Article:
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"Richmond [Re]Visited" Gives Social Work Students Context of Housing and Racial Injustice

As future social workers, incoming students of the VCU School of Social Work will soon be working directly with communities affected by Richmond’s history of segregation, discrimination and racism that continues to reverberate today.

To better understand this context, dozens of the students spent Monday taking part in Richmond [Re]Visited 3.0: Housing & Racial (In)Justice, a day of experiential learning through community tours, activism and collaborative conversation sponsored by the VCU School of Social Work Student-Faculty-Alumni Black Lives Matter Collective.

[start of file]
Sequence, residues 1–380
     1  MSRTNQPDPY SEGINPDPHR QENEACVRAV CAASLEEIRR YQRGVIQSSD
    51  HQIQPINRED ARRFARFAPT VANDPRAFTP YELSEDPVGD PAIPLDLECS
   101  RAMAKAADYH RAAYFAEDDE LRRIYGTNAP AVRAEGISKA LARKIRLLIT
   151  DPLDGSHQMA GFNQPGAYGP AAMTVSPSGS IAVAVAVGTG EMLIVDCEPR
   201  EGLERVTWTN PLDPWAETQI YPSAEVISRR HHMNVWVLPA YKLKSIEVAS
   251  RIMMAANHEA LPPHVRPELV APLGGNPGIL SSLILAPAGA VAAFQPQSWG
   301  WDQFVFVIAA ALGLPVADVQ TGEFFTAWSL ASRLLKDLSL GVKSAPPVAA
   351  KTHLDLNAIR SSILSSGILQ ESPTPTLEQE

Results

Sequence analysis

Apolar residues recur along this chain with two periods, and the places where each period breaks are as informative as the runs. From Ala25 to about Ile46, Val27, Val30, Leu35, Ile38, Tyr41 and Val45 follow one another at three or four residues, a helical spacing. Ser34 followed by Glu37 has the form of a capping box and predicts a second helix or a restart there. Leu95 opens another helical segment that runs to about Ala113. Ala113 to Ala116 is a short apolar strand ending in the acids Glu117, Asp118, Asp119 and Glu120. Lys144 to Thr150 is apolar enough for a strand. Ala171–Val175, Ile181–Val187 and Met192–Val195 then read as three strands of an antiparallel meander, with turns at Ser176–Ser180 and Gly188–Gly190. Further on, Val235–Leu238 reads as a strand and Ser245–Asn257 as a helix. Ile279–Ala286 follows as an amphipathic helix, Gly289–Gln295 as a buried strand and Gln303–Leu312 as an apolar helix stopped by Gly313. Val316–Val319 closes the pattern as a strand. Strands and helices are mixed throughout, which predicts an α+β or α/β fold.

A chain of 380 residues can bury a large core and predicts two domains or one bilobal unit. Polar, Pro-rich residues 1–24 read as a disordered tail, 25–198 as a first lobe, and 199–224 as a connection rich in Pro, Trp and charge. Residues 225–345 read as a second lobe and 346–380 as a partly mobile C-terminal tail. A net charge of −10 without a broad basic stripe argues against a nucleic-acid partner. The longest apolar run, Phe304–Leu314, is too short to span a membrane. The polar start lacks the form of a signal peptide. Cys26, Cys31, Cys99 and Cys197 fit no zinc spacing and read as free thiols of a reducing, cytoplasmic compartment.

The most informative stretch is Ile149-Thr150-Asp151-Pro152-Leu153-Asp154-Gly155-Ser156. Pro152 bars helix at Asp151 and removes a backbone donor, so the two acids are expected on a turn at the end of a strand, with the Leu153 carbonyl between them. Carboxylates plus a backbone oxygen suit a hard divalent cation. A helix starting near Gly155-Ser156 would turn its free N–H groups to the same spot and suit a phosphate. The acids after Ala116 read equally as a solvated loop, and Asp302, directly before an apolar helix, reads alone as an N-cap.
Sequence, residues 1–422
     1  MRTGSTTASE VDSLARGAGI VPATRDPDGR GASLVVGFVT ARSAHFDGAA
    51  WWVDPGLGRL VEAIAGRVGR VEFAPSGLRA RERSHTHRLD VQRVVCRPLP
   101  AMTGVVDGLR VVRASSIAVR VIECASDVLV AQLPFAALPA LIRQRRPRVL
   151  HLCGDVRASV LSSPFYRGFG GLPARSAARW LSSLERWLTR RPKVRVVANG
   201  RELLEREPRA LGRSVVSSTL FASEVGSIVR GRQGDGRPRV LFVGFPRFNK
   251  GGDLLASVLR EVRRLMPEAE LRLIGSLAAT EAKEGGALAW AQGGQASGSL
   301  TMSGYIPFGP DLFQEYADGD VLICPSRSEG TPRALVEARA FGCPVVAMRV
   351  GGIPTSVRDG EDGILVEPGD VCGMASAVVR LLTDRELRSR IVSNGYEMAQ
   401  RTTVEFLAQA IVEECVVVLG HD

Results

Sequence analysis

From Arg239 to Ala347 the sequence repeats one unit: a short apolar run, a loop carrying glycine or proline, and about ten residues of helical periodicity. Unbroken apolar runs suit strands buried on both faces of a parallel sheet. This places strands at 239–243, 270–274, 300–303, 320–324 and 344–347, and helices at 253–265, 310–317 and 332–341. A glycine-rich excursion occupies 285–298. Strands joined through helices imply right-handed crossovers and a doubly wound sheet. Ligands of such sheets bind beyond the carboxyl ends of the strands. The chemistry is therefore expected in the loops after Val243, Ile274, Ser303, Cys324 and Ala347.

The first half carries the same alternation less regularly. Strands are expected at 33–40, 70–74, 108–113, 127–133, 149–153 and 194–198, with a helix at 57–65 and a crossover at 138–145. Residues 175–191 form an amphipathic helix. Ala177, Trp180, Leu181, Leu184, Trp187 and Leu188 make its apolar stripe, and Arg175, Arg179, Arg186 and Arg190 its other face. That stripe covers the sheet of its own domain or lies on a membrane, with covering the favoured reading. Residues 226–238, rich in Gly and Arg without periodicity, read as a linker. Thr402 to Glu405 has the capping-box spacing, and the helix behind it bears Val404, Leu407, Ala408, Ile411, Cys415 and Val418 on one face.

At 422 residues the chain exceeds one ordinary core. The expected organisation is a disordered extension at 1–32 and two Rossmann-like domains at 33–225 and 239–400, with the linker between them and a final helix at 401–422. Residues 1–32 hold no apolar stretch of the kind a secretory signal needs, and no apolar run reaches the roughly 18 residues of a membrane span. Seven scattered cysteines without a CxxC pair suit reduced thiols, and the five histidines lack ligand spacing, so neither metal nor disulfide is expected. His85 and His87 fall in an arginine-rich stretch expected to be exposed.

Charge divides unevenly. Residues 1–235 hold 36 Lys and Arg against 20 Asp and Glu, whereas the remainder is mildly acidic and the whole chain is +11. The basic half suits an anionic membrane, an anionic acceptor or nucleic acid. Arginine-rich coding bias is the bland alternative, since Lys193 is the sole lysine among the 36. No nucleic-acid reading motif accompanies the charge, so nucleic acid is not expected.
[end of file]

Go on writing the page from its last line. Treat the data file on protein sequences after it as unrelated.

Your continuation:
“We are really focusing on anchoring this year's event on policies like redlining that have historically prescribed who can and can't live in different parts of the city, and whose housing/neighborhoods were seen as having value,” said collective member Alex Wagaman, Ph.D., assistant professor in the School of Social Work. “These policies continue to ripple today. And even though we have legally ended redlining, there are still forms of housing discrimination and injustice that disproportionately impact people of color, especially black folks, in Richmond.

Read the full VCU News article.